Pages That Do Not Expect Unicode -------------------------------- There are many DTML pages that are not currently unicode aware, including most of Zope's management interface. These changes have been designed to allow these DTML pages to remain unchanged if they never see unicode data, and to degrade gracefully if they should encounter unicode data accidentally.
The following issues should not be a problem:
- If a unicode property containing characters outside the latin-1 range is used on a page that is not unicode-aware, those character will be replaced by a question mark. This currently allows standard zope properties (such as title) to be unicode, without updating all pages in the management interface that use it.
- There may be problems with using unicode properties on a page that does not contain latin-1 data, but which also does not set an appropriate content-type header.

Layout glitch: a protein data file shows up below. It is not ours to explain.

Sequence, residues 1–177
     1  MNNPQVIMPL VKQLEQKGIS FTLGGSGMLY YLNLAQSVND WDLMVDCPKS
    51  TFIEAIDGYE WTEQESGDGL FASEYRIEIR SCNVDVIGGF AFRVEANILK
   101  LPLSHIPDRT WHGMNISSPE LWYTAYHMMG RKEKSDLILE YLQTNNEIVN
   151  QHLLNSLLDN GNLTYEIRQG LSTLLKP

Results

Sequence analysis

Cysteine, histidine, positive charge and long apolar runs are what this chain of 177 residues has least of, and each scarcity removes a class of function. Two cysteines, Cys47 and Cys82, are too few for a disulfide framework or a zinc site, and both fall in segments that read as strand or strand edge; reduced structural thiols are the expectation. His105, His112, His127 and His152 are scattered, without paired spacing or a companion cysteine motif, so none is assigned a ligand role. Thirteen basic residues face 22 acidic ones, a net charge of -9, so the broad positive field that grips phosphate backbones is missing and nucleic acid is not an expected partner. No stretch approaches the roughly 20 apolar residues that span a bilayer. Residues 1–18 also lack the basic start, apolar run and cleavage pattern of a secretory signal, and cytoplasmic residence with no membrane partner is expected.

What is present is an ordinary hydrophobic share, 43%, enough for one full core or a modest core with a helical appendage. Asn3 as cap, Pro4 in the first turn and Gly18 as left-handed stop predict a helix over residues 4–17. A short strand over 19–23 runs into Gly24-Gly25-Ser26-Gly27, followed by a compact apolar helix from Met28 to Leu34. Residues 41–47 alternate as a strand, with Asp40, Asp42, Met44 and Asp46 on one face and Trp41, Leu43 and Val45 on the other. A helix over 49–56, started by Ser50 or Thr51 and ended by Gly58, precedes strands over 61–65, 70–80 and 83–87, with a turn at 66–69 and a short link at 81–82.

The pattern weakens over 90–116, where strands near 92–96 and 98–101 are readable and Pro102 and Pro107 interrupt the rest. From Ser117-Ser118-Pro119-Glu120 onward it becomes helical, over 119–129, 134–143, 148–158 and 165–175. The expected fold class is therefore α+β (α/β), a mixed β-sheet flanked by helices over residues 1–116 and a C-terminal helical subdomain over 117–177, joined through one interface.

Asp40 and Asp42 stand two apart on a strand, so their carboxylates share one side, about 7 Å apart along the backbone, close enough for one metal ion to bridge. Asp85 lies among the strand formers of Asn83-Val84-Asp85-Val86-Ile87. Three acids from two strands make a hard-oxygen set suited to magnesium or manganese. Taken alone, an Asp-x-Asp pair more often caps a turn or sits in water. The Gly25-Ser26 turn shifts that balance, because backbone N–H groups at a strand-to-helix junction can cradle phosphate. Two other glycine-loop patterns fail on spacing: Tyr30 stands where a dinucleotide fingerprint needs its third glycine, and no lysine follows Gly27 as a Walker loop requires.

- The properties management tab only uses UTF8 if an existing property uses unicode. this means that the initial value for the first unicode property may only contain latin-1 characters. Of course, the property may be changed to use any unicode character immediately after creation.
- In some circumstances, Zope modifies the returned html to include a
tag. This modification will only worth with character encodings that are a superset of ascii. (ie. Not UTF16).
The following problems remain unresolved:
- Python will throw an exception if non-ascii plain strings are compared to unicode strings. This will cause problems for ZCatalog if one index contains both non-ascii plain strings, and unicode strings. A workaround for this problem is to provide an external method which returns that property in unicode, then index the external method. Note that I think ZCatalog is already relying on dangerous ground in this area: http://classic.zope.org:8080/Collector/1219/view
- xml-rpc does not support unicode. (Thanks to Martijn Pieters for pointing this out)
- Python code that uses DTML may be broken when it returns a unicode string.